In the heart of the Alliance, NATO leaders and top experts continue to explore the latest advancements in operations research and analysis and compare National and NATO strategies.
The Headquarters Supreme Allied Commander Transformation and NATO Science and Technology Organization co-hosted the 17th annual NATO Operations Research and Analysis Conference in Laurel, Maryland, Oct. 30-31, with additional analytical training, Nov. 1-2.
The NATO Operations Research and Analysis Conference, held at Johns Hopkins University Applied Physics Laboratory, brings key decision makers and top experts from NATO commands and agencies, national defence analysis and research organisations, academia, and industry.
Every year, analytical experts have the opportunity to discuss and debate on how the application of scientific methods support the decision making process in the various NATO commands and agencies and at the national level. While Operational Analysis is applied at various decision making levels, the commonality of the practice makes it possible but also necessary to communicate challenges, exchange best practices, and gain insights with goals on making better decisions and improving results.
As part of the continuous development of the NATO Operations Research and Analysis Community, the annual conference builds on previous conferences, workshops and research.
This year, the Operations Research and Analysis Conference is open to representatives from all NATO Nations, NATO Bodies, NATO Agencies, Australia, Austria, Ireland, Japan, New Zealand, Sweden, and Switzerland.
Supreme Allied Commander Transformation General Philippe Lavigne kicked off the conference with opening remarks and virtually welcomed delegates. “Allied Command Transformation has always been a leader in NATO in thinking of its analysts as a precious resource. They provide a crucial capability at all levels within Allied Command Transformation, in the NATO community as a whole, and by providing links to their colleagues in national bodies in settings like this,” said Lavigne.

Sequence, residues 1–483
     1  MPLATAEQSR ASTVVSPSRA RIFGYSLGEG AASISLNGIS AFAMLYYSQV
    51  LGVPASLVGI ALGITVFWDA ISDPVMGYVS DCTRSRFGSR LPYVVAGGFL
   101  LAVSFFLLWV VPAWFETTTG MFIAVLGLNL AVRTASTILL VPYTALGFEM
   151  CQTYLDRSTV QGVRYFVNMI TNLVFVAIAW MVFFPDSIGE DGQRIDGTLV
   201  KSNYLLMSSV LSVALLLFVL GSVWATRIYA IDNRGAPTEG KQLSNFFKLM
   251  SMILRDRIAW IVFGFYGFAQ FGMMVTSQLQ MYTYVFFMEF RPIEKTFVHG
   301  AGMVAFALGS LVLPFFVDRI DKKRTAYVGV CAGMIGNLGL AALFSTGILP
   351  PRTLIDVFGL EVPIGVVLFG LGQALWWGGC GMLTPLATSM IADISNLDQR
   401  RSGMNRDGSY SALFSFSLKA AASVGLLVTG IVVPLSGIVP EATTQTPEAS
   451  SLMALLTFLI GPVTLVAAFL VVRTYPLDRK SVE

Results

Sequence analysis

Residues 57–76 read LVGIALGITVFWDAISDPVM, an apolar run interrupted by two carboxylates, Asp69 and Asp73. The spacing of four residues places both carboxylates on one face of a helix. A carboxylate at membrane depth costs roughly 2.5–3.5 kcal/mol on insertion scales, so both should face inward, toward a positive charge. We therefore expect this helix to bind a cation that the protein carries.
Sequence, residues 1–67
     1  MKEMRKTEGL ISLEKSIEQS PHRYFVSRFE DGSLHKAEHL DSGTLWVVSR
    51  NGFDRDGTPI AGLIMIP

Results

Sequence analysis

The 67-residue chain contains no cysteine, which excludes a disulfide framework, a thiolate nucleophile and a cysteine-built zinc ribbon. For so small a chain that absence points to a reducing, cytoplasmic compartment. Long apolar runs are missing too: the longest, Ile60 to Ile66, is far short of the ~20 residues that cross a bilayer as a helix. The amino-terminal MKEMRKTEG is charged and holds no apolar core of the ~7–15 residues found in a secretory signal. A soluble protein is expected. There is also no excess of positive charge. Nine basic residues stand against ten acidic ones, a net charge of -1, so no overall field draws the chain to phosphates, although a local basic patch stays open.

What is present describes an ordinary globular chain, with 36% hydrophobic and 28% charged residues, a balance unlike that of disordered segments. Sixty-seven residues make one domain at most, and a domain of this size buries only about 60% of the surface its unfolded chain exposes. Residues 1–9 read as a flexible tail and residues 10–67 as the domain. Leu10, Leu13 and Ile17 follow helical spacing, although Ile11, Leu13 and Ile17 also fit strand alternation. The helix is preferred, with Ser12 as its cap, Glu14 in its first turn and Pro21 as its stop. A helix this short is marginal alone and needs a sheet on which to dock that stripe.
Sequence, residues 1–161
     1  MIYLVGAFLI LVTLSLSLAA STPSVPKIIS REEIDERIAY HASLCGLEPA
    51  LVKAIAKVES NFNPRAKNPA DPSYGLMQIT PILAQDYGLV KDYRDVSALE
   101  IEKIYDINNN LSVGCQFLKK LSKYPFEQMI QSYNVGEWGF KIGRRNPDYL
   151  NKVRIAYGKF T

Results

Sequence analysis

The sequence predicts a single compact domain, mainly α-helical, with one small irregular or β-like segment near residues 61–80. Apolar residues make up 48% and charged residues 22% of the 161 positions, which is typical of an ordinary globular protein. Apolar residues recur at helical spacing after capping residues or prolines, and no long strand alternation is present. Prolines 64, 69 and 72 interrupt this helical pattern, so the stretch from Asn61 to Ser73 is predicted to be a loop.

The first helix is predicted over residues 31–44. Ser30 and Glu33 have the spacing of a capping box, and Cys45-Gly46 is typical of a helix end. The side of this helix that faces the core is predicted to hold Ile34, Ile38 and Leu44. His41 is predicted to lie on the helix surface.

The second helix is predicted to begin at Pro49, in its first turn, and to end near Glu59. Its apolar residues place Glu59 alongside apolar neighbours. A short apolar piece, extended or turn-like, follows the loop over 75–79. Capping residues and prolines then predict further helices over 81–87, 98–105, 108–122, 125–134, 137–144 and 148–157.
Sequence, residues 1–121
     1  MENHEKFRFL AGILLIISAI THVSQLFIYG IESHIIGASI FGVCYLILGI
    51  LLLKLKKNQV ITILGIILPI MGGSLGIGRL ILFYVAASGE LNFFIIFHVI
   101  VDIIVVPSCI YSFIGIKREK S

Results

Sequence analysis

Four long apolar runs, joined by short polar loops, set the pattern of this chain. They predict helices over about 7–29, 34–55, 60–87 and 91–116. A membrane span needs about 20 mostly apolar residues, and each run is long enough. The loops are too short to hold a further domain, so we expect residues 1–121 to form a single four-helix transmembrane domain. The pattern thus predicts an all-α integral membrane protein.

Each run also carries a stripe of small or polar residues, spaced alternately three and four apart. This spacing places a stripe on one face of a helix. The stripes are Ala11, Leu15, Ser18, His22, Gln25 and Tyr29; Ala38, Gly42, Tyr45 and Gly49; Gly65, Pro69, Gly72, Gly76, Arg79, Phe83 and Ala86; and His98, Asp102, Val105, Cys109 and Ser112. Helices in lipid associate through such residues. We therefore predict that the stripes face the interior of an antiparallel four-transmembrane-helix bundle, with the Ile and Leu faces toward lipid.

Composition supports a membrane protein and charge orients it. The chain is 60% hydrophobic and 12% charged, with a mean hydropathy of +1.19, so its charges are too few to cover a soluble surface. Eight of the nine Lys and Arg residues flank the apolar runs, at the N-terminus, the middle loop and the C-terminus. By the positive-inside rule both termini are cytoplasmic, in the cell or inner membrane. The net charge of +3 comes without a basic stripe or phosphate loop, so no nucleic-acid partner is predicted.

This year’s theme was focused on “Changing Character of Defence and Deterrence: the Power of Analysis”. The theme reflects the long-standing practice of Operations Research and Analysis in Defence, combatting ongoing challenges faced by the Alliance; and looks into the future to bring new methods to old challenges or well-established methods to future challenges.
Lavigne and keynote speakers noted that the conference is crucial for innovation and focusing on defence and deterrence will ensure a strong and stable future for NATO.
NATO Chief Scientist Bryan Wells highlighted how innovations, such as autonomous weapons systems or artificial intelligence, are changing warfare; as is the increasing amount of available information. Shifts in the global balance of power are challenging the Alliance’s values, and aggressions against Ukraine are threatening the security of the Allies. These major developments along with the new NATO Strategic Concept, underscore the need for the Alliance to ensure that its deterrence and defence remains credible and effective.
During the conference, participants discussed topics such as artificial intelligence, modelling and simulation, strategic analysis and war gaming; General Lavigne provided perspectives on how the Alliance is fine-tuning plans for its modernization: “Today’s war is as much, if not more, about data, people and talents,” he said.
“In a world where we are all operating under an avalanche of data, where resources are not without limit, we constantly require the provision of evidence-based advice to our political masters, so that they can take decisions at the speed of relevance.”